How to Receive God’s Grace

Sunlight on the ocean

Any hope that we have to be saved is by the grace of God (Ephesians 2:8). God’s grace is offered to all (Titus 2:11); however, it is not received by all. How do we receive God’s grace? James explained:

But He gives a greater grace. Therefore it says, ‘God is opposed to the proud, but gives grace to the humble.’ Submit therefore to God. Resist the devil and he will flee from you. Draw near to God and He will draw near to you. Cleanse your hands, you sinners; and purify your hearts, you double-minded. Be miserable and mourn and weep; let your laughter be turned into mourning and your joy to gloom. Humble yourselves in the presence of the Lord, and He will exalt you” (James 4:6-10).

James’ explanation is very different from what a denominational preacher would give. Yet his explanation is “inspired by God” (2 Timothy 3:16). So let us take a closer look at what James had to say on the subject of receiving God’s grace.
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Lessons on Wisdom from the Life of Solomon

SolomonMany books have been written in which the author claims to be imparting some wisdom to his readers. What makes the book of Proverbs different is the author and the source of his wisdom.

The last two chapters of Proverbs are attributed to “Agur the son of Jakeh, the oracle” (30:1) and “King Lemuel, the oracle which his mother taught him” (31:1). The identities of these individuals are uncertain. However, the bulk of Proverbs can be attributed to “Solomon, the son of David, king of Israel” (1:1). Some of these “proverbs of Solomon” were “transcribed” by “the men of Hezekiah, king of Judah” (25:1).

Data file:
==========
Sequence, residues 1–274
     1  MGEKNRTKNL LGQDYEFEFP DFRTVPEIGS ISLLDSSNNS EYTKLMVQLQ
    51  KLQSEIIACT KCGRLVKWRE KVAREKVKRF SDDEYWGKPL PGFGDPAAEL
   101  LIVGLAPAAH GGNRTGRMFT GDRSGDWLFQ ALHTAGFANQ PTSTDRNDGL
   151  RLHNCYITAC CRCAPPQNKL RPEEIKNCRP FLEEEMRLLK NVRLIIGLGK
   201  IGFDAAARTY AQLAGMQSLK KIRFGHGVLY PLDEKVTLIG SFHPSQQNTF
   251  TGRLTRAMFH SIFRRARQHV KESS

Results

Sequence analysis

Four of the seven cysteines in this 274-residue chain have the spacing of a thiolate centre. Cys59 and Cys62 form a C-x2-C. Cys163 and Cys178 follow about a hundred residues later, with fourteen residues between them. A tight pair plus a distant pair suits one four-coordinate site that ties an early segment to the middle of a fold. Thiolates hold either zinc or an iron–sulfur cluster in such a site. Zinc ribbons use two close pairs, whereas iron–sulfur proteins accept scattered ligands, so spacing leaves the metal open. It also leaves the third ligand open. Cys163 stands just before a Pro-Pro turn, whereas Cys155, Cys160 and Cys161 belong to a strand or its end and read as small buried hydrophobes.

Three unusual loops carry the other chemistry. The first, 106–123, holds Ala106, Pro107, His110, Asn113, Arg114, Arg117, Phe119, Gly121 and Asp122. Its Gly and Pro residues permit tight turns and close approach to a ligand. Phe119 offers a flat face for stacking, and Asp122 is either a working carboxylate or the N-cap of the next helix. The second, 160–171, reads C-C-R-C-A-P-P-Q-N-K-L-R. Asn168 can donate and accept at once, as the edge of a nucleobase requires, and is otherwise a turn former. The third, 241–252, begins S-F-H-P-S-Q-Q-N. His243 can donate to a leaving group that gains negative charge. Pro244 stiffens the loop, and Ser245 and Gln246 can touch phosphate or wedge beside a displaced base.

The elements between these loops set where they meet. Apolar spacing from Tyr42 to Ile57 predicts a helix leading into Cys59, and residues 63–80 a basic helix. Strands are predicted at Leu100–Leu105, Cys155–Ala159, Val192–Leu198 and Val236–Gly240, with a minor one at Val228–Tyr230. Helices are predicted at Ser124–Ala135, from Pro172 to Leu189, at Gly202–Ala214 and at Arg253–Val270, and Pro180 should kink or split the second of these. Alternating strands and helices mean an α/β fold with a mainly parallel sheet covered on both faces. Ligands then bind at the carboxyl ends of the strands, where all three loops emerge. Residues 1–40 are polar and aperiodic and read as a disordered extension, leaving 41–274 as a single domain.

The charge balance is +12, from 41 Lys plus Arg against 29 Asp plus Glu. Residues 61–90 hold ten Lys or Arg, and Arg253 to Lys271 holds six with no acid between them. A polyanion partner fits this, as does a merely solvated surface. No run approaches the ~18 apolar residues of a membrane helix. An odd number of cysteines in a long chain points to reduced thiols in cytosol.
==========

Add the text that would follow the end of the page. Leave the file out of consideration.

It is important that we understand how Solomon acquired his wisdom. We find the answer to this shortly after Solomon established his rule as king over Israel.
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Lessons from the Conversion of Apollos

There are several accounts of people being converted to Christ in the book of Acts. One such example was the conversion of Apollos in Ephesus. Notice what Luke records:

Now a Jew named Apollos, an Alexandrian by birth, an eloquent man, came to Ephesus; and he was mighty in the Scriptures. This man had been instructed in the way of the Lord; and being fervent in spirit, he was speaking and teaching accurately the things concerning Jesus, being acquainted only with the baptism of John; and he began to speak out boldly in the synagogue.

But when Priscilla and Aquila heard him, they took him aside and explained to him the way of God more accurately. And when he wanted to go across to Achaia, the brethren encouraged him and wrote to the disciples to welcome him; and when he had arrived, he greatly helped those who had believed through grace, for he powerfully refuted the Jews in public, demonstrating by the Scriptures that Jesus was the Christ” (Acts 18:24-28).

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Audio: Gospel Meeting at the Eastside church of Christ

I had the privilege of speaking in a Gospel Meeting at the Eastside church of Christ in Morgantown, KY this past week – October 17-19, 2013. The three lessons I preached are listed below.